Public/private partnerships have become a favored strategy for implementing complex urban developments in the United States and Western Europe, but the large volume of literature on the topic falls short of providing city planners, development experts, and policy analysts the knowledge needed for either teaching or practice. In the late 1970s, the blurring of lines between public and private action spurred significant intellectual debate in the U.S. literature, and concern that those financing and carrying out public/private projects had too much influence compared to those who would ultimately pay for or be affected by the projects. As a consequence, the early literature on public/private development projects in the United States did little to enlighten. This has been changing, however, and academic literature from abroad has used inventive means to analyze public/private developments and generalize about their impacts and significance. I synthesize the case-based research on public/private development projects to extract insights and lessons for planning, deal making, and performance, concluding by recommending the additional research that I consider most needed.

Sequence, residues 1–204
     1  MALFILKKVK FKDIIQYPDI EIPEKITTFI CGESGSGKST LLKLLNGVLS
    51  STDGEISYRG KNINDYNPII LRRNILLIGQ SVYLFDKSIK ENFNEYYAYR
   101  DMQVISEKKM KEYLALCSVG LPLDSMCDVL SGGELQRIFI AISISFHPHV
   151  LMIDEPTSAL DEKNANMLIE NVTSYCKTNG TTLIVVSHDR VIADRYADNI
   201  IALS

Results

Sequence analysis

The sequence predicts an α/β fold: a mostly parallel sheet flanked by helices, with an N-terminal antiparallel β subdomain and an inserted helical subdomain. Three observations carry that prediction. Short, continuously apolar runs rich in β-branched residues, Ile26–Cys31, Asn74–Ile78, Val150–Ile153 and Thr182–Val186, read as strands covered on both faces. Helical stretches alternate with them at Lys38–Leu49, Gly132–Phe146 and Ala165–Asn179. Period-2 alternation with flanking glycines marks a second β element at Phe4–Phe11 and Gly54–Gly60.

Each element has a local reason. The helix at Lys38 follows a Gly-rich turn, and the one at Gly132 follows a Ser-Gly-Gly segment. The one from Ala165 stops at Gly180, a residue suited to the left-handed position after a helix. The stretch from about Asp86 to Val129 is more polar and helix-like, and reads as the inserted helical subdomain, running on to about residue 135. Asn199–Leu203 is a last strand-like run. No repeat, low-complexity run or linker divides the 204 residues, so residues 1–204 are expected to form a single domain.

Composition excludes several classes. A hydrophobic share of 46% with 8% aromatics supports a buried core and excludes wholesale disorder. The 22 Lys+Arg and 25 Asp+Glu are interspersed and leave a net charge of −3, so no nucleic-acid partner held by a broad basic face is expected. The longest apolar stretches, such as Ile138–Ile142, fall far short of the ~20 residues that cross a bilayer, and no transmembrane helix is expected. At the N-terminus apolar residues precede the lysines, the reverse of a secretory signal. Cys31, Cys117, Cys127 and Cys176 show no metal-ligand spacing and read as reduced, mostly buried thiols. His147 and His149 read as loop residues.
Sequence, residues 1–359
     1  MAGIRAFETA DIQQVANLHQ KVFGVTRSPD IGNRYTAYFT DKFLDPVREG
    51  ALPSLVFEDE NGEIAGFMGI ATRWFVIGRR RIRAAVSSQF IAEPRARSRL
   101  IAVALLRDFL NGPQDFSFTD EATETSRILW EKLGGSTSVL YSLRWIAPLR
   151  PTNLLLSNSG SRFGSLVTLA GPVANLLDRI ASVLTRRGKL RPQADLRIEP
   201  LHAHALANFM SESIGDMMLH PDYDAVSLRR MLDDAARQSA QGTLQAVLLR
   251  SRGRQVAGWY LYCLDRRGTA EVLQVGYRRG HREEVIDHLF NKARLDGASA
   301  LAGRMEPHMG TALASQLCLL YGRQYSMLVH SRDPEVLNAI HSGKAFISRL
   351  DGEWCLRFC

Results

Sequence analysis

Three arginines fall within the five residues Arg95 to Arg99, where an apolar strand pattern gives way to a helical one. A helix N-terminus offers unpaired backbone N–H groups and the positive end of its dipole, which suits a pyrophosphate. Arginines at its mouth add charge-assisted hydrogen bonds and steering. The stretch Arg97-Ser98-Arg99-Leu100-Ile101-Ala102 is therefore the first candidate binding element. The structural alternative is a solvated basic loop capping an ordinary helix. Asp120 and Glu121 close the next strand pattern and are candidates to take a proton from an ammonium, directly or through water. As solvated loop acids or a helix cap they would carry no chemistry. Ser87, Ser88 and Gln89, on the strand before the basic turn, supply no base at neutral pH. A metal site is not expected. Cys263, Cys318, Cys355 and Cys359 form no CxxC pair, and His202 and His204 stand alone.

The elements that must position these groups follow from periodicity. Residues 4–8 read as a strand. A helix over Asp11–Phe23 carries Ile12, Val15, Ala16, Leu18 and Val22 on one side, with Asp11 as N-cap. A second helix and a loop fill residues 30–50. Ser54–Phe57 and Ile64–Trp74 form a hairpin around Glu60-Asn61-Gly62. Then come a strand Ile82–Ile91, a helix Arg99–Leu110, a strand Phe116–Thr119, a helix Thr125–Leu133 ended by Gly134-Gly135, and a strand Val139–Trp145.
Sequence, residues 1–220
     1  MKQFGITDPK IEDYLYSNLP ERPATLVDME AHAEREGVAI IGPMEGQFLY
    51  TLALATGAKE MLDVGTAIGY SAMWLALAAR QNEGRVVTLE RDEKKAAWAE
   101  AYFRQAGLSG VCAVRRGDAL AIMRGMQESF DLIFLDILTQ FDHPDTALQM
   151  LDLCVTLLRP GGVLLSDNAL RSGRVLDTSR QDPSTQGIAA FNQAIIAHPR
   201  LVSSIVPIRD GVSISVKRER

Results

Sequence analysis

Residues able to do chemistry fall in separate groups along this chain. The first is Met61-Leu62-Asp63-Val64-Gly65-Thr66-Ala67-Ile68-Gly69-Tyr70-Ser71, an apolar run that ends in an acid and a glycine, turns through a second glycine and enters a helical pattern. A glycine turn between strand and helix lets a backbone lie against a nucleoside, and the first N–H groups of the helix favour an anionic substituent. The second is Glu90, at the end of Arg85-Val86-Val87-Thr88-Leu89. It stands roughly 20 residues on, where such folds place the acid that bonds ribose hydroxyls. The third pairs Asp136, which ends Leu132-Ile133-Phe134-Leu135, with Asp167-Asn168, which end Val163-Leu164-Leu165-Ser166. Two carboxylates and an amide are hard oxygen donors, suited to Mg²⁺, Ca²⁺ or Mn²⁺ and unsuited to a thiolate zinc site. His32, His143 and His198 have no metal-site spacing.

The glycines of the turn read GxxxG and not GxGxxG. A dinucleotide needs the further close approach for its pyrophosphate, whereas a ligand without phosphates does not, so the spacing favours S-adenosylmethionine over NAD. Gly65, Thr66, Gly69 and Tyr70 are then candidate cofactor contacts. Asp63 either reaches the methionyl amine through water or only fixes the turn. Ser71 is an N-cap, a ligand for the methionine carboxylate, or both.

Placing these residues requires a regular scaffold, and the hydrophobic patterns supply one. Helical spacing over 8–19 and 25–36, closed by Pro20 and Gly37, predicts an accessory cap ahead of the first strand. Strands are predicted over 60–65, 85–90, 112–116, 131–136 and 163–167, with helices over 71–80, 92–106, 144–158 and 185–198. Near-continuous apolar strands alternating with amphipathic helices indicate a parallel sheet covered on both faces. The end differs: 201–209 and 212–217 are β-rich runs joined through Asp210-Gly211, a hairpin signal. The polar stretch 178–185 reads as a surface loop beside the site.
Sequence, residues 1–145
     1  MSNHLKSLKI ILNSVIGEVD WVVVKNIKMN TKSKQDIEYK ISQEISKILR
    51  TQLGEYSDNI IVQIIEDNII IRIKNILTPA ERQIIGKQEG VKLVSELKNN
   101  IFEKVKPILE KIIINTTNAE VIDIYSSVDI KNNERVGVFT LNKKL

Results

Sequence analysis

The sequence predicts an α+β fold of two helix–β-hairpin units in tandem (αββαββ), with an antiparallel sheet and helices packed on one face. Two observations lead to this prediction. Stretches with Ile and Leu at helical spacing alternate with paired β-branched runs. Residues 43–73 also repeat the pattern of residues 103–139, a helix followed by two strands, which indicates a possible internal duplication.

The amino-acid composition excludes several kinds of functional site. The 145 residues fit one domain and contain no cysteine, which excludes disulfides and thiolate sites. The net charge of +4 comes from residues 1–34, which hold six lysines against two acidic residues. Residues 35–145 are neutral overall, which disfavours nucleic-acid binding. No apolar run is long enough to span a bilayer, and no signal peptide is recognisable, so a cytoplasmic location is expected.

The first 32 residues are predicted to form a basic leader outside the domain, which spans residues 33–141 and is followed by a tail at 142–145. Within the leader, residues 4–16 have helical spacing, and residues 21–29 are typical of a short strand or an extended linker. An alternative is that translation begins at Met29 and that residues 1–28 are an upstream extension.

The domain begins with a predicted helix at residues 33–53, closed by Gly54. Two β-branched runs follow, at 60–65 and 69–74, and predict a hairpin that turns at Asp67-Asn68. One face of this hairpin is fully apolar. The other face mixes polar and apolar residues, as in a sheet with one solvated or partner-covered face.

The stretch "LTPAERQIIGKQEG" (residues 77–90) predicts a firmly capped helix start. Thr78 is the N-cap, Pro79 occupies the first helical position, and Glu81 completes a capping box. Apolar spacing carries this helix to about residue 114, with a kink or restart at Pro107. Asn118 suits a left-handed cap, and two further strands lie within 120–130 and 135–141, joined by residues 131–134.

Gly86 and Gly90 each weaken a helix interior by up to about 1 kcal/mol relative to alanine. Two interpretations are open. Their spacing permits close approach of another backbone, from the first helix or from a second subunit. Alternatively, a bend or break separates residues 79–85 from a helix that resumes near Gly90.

Sagalyn, Lynne. "Public/Private Development: Lessons from History, Research, and Practice." Journal of the American Planning Association 73, no. 1 (March 1, 2007): 7-22.
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